These are just some of the ways we’ve made progress and there is more we want to do. But the alternative is clear. Ed Miliband isn’t up to the job of Prime Minister. But he would be in Downing Street getting pushed around by everyone – and it’s people reading this who would pay the price. Labour simply haven’t got a plan for the economy. That would mean more borrowing, more taxes and putting at risk the stability of our whole economy.
So when you go to the polling station on Thursday May 7, less than two months time, you’re making an important choice. Choose Conservative, and you’re choosing a competent Prime Minister, a strong team, and a plan for a better future for you, your family and this country.
Shabana Mahmood MP, Shadow Exchequer Secretary
Exclusive: The key job of Government is to collect taxes and to decide how to distribute the money. Party political manifestos are primarily put together to tell people what each party would do – what they would spend and what they wouldn’t – if enough people voted for them to form the next Government.
The global crash in 2008, followed by the worldwide recession was caused by irresponsible bankers in America but is still being felt by workers here; wages after inflation are still on average £1,600 lower a year than they were in 2010. But the crash also means there is an added dimension to the debate; the parties also need to explain how they are going to reduce the remaining budget deficit. The Government still spends more money each year than it takes in – a necessity during the dark days of the recession but not something that should be sustained indefinitely.
The Labour Party has made its priorities very clear. We will:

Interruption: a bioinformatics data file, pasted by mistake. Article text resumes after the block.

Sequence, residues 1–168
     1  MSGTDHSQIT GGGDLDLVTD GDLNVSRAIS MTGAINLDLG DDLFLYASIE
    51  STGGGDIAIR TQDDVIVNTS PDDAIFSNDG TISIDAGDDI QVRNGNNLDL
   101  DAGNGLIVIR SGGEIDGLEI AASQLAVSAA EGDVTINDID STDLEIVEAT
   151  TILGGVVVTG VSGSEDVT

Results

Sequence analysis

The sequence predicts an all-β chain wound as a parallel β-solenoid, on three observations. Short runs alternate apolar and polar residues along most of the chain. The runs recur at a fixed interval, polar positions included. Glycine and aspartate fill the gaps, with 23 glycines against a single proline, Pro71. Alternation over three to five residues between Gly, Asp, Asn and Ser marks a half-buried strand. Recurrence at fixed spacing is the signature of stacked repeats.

• Make work pay by expanding free childcare for working parents and introducing a lower 10p starting rate of income tax to help 24 million working people;
• Get at least 200,000 new homes built a year to relieve Britain’s housing crisis;
• Increase the minimum wage to £8 an hour before 2020 and give tax breaks to firms who start paying the living wage;
• And get the NHS back on its feet by employing 20,000 more nurses, 8,000 more GPs, 5,000 more care workers and 3,000 more midwives by 2020
And we know exactly how we will pay for it.
We will ask those who have a more to pay a little more. We will introduce a mansion tax for people who own a house worth over £2 million. We will also reintroduce the 50p rate of tax for people who earn more than £150,000.
We will also clamp down on tax avoidance. We will close tax loopholes that are being exploited by companies to avoid paying tax such as the Quoted Eurobond Exemption and we will stop the abuse of self-employment in the construction industry.
And we will make some cuts – for example we know we can make £250 million of savings in the police budget – savings would include scrapping elected Police and Crime Commissioners and reforming police procurement through mandatory joint purchasing of equipment by police forces.
Our financial plan allows us to make significantly different choices to the Tories and it will allow us to get rid of the budget deficit – to balance the books – at the very latest by 2020.
The Tories however are not being quite as upfront in their plans. They have told us that their goal is to get rid of the deficit and in fact run a surplus of £23 billion by 2019-2020.
What they haven’t told us, at all, is how on earth they are going to get there.
Because if that is really their plan then to do that they will have to make cuts twice as large as those that they are admitting to. Cuts that would change the face of Government in this country.